Josh Reviews the film 2010: The Year We Make Contact!
On Monday I wrote about Arthur C. Clarke’s magnificent novel 2010: Odyssey Two. After completing the novel, I couldn’t resist taking another look at Peter Hyams’ film adaptation, with the revised title of 2010: The Year We Make Contact. (It’s a film I had only seen once, back in the mid ’90s on video.)
Somehow it seems acceptable to me for Mr. Clarke to choose to write a follow-up to his own novel (2001: A Space Odyssey). Yet the idea of a movie sequel to Stanley Kubrik’s iconic and influential film — particularly a sequel helmed by another director, and one whose story would set out to answer many of the questions that Kubrik so pointedly left unanswered — seems almost sacrilegious.
2010 is not a film that should be any good. It could have so easily wound up being Blues Brothers 2000. And yet, somehow, while it’s nowhere near as great as the novel, it is a far better film than it has any right to be.
Whereas Stanley Kubrik’s 2001 was slow and lyrical and notably short on any actual plot or character development, 2010 is more of an adventure film. There is no shooting and there are no fist-fights, thank goodness. But there’s solid narrative thrust throughout the film, as we follow Heywood Floyd (recast here as the wonderful Roy Scheider) on his odyssey towards Jupiter. Once there, tension mounts as the mysteries deepen and an enormous potential danger is discovered.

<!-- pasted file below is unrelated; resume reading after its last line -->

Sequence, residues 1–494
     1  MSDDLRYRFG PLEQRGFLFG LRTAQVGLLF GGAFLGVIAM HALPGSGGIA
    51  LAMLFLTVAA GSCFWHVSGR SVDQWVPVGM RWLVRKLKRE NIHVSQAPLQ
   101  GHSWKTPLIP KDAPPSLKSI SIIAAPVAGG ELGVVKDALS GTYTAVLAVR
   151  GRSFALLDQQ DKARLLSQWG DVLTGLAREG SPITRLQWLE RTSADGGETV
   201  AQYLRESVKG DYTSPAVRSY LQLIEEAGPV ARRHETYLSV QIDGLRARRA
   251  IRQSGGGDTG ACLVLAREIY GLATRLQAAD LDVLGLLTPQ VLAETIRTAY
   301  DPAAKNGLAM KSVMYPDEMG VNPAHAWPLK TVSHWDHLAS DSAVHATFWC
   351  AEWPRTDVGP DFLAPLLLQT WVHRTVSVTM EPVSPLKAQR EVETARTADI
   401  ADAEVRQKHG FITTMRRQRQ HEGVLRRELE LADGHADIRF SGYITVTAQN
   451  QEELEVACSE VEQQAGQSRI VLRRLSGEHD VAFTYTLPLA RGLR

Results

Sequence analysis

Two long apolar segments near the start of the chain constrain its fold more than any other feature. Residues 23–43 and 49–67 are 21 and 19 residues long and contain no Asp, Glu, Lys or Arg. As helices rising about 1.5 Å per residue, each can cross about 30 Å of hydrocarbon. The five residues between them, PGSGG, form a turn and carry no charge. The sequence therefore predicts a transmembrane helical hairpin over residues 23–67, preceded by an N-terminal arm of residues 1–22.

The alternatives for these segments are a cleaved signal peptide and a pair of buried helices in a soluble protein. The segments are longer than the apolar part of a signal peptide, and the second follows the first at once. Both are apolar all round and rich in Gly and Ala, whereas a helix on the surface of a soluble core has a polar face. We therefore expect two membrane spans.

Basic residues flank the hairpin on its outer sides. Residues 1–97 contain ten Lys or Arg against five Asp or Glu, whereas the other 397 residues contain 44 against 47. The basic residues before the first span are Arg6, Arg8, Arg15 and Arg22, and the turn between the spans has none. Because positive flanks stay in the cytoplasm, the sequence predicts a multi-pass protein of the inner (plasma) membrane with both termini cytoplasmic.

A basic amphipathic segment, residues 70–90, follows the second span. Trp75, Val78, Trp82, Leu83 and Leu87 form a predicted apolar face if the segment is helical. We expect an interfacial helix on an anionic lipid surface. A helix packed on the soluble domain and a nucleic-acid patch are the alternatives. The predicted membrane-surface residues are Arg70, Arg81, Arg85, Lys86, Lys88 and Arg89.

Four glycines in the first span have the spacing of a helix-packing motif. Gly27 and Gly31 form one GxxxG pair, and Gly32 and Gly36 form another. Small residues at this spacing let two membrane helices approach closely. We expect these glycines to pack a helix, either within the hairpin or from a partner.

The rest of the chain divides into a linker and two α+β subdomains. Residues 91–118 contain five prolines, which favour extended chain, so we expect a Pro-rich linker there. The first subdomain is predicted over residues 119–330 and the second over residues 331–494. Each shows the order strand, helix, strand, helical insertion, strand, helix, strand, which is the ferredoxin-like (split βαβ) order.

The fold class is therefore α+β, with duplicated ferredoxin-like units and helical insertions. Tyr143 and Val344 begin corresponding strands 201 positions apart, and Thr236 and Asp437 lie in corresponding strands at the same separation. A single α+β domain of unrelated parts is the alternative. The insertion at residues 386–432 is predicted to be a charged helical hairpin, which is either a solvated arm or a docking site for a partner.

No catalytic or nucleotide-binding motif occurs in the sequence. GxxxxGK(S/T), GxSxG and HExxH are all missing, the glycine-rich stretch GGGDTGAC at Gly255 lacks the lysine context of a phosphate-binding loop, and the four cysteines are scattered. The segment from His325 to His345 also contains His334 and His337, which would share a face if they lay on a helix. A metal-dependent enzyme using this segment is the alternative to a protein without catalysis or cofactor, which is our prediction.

I was very pleasantly surprised, rewatching this film, at how many talented and familiar faces make up the cast. There’s Roy Scheider, of course, who makes a potent lead. His Dr. Floyd is a man of great intelligence and integrity, and a bit more of an action hero than the rather administrative version of the character as played by William Sylvester in 2001. John Lithgow plays the American engineer Walter Curnow, and he brings a lot of warmth and humanity to the role. I was disappointed that the Indian character of Dr. Chandra, HAL 9000’s creator, was recast in the film as an American — but when that American is played by the terrific Bob Balaban, I really can’t complain. Then there’s Helen Mirren — yes, THAT Helen Mirren — as the Russian captain of the Lenov (the vessel launched towards Jupiter in an attempt to rescue the Discovery and discover what happened to Dave Bowman). She doesn’t have a whole lot to do in the film, but she’s great whenever she’s on screen. It’s fun to see her in this type of sci-fi/adventure role.
While the visual effects of the film don’t quite hold up as well as those in 2001: A Space Odyssey — they don’t have quite the same degree of stately grandeur — 2010 looks pretty great for a film made back in 1984. Leonov and Discovery are very well realized, as are the different environments of Jupiter and its moons. The sequence in which a flaming Leonov sling-shots around Jupiter is probably the film’s dodgiest sequence, effects-wise. But on the other hand, the tense climax — in which the Monoliths multiply on the surface of Jupiter and begin to consume the planet — comes off fantastically well. The set design and art direction also suffer somewhat in comparison to 2001 — the sets mostly look like, well, sets — but, as with the visual effects, they’re still pretty darned good.